Now that we have longer days regulated with daylight savings there is no excuse not to go for a fish after work!
Each year in September we see air temps rise, causing a hive of activity on land, but the large volume of water in our estuaries means they take longer to warm up. This month, however, the water temps should get a proper rise. When it occurs, most fish will come on the bite with a vengeance. Anglers should be prepared for some sensational angling.
For me Windamere in October is hard to get away from. It’s a social thing just as much as a fishing thing, as most people know the boat and are happy to chat. It’s great to catch up with people you haven’t seen for months, swapping stories and techniques.
After a bit of a slow tuna run we are looking at targeting inshore snapper and deep dropping for blue eye trevalla. Hands up who is sick of wintery conditions! The colder months aren’t so bad if the fish are biting and the tuna are running, because it’s not long after a hook-up that the layers come off and you’re in a T-shirt and loving life. Especially if it’s also a sunny day, then it’s magic! Winter is very bearable when you get days like that. This past winter was a bit slow though, and it’s only now that we’re seeing some good water returning, giving us hope for some yellowfin and albacore.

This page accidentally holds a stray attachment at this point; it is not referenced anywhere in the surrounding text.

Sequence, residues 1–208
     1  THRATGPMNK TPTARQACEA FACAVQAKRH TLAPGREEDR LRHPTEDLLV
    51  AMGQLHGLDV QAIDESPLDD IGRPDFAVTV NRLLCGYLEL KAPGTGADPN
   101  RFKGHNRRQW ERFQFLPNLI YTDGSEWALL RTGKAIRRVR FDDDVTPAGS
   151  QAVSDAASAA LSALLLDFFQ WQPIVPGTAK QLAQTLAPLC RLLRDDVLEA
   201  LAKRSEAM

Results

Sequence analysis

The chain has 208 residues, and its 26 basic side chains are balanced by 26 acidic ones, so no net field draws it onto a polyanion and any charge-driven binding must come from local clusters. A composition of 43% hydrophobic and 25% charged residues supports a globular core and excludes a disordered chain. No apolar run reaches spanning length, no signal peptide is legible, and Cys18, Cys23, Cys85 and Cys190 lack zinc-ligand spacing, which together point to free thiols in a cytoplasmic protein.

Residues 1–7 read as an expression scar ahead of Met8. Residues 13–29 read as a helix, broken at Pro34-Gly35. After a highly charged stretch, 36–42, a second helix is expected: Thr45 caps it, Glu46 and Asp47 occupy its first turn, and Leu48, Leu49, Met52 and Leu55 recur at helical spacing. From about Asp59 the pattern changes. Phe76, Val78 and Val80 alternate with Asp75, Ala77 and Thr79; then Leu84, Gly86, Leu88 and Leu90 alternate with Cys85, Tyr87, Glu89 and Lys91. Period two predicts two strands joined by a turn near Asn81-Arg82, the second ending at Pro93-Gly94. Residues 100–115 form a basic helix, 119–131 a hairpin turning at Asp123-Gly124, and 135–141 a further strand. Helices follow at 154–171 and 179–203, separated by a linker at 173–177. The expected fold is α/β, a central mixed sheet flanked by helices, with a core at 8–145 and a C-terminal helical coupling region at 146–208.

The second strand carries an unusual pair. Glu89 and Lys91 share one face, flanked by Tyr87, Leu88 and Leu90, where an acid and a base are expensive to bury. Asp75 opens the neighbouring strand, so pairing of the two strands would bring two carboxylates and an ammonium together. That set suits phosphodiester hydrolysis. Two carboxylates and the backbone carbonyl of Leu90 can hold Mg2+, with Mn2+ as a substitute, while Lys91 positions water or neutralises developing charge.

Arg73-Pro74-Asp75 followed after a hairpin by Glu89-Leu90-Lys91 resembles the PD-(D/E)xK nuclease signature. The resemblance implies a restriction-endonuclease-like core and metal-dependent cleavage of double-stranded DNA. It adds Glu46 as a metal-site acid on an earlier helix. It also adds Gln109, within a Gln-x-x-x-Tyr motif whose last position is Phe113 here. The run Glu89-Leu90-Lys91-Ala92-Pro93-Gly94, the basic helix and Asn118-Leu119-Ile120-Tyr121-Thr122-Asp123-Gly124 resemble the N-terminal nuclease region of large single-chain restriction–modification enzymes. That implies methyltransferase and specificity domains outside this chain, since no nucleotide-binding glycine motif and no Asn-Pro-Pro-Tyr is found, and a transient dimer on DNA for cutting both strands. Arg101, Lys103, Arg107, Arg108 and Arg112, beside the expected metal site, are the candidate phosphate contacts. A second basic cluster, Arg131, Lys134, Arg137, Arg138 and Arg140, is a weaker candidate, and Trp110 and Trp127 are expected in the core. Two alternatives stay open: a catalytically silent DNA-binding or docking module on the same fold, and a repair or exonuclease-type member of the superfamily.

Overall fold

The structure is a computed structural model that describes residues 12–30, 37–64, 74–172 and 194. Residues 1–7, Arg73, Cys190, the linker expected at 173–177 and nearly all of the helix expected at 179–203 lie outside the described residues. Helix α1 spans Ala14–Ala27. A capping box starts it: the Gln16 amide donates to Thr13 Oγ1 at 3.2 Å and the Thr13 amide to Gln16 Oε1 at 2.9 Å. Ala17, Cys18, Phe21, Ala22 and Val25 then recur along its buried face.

With that horrible cold weather all behind us, some ripper fishing is to be had this month out here on Sydney’s north side. You can expect the kings to become more prolific and the snapper bite to head into full swing, not to mention the flatties waking up and the arrival of the marlin offshore.
Spring is definitely here and all eyes are now on the opening of the rivers once again on Saturday October 12th this year. The good news is that the rainbow trout spawning run was very good this year as a result of high rainfall in late August and a good snowmelt that created the perfect spawning conditions. I visited Thredbo River at least once a week last month to establish how many fish I could see and there were plenty! We will have to just wait and see what the river offers up for the opening weekend.
Spring started for us in September, but in terms of water temperatures we’re still in the depths of winter offshore. The current is not likely to return to the coast until we’re well into summer, and with an El Nino system kicking in for us it’s likely that the water will stay quite chilly off the coast all summer.
Ipswich’s Charles West reined supreme in the 2nd BASS Electric Major with the Haswing sponsored tournament pro fishing a deep water approach to secure victory in the Haswing Lake Moogerah BASS Electric Major, 2 August.